I made this polyhedron using *Stella 4d*, which you are invited to try for free at http://www.software3d.com/Stella.php.

# Tag Archives: octagon

# A Fifty-Faced Polyhedron Featuring Eighteen Regular Octagons

In addition to the eighteen regular octagons, this polyhedron also has eight equiangular hexagons and twenty-four isosceles trapezoids among its fifty faces. I made it using *Stella 4d*, which you can try, for free, right here.

# Tessellating the Plane With Squares, Regular Octagons, and 45/135 Degree Rhombi

The tessellation of the plane using only squares and regular octagons is well-known, and not difficult to construct. What I did here was to add another polygon to the mix: rhombi containing 45 and 135 degree angles, “seeded” in the initial part of the tessellation, at this figure’s center. This addition greatly increases the rigor of this construction.

This is a radial tessellation with eight-fold symmetry. I couldn’t continue it outwards any further without crashing *Geometer’s Sketchpad*, the software I use to make tessellations, but this is taken far enough to see the pattern.

# Tessellation of Concave, Equilateral Octagons

Someone once told me that you can’t tile a plane with octagons. I enjoy proving them wrong.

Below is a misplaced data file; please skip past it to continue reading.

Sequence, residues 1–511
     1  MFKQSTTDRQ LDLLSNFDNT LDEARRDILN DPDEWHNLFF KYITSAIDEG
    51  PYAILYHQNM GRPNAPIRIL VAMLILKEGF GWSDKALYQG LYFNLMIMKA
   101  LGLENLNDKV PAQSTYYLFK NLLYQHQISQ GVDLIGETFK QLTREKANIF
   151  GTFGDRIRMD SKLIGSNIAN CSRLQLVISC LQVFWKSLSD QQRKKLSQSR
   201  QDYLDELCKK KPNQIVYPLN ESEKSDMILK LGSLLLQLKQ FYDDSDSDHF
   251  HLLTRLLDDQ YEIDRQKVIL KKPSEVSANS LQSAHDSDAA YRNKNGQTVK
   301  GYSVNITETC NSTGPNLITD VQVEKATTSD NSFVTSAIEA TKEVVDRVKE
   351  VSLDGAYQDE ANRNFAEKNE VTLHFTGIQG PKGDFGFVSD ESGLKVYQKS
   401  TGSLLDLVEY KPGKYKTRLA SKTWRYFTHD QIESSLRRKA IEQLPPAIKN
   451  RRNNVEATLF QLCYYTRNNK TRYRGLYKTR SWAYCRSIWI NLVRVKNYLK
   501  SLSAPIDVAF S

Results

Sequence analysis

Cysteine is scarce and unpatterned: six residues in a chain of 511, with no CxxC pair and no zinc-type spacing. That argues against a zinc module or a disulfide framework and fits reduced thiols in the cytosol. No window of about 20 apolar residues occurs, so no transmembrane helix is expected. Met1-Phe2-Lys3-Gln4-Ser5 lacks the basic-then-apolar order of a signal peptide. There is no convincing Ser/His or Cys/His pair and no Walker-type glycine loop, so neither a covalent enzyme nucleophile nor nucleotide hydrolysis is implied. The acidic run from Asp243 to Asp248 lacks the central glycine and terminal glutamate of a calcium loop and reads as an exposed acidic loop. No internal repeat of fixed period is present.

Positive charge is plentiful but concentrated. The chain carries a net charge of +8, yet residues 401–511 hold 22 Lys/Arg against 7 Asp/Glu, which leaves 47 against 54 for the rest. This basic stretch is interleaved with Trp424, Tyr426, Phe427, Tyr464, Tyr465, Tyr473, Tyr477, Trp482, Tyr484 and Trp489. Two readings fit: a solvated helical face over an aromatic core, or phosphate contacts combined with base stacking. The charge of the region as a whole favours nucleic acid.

# Eight Overlapping {8/3} Star Octagons

These octagrams were rotated about the center point. Every other one is yellow, and between the yellow ones are blue ones. The green areas are where the blue and yellow octagrams coincide.

## Three Times Eight Is Twenty-Four

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## A Tessellation Featuring Squares, Regular Octagons, and Equilateral Hexadecagons

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# Octagonal Spirals

This is a modification of the well-known tessellation of the plane with squares and regular octagons.

# The Rhombic Octagonoid, a Zonohedron With Ninety Faces

To make this zonohedron with *Stella 4d* (available as a free trial download here), start with a dodecahedron, and then perform a zonohedrification based on both faces and vertices. It is similar to the rhombic enneacontahedron, with thirty equilateral octagons replacing the thirty narrow rhombic faces of that polyhedron.

I’ve run into this polyhedron from time to time, and have also had students make it. It is the largest zonohedron which can be built using only red and yellow Zome (available here) of a single strut-length (short, medium, or long). I thought it needed a name, so I made one up.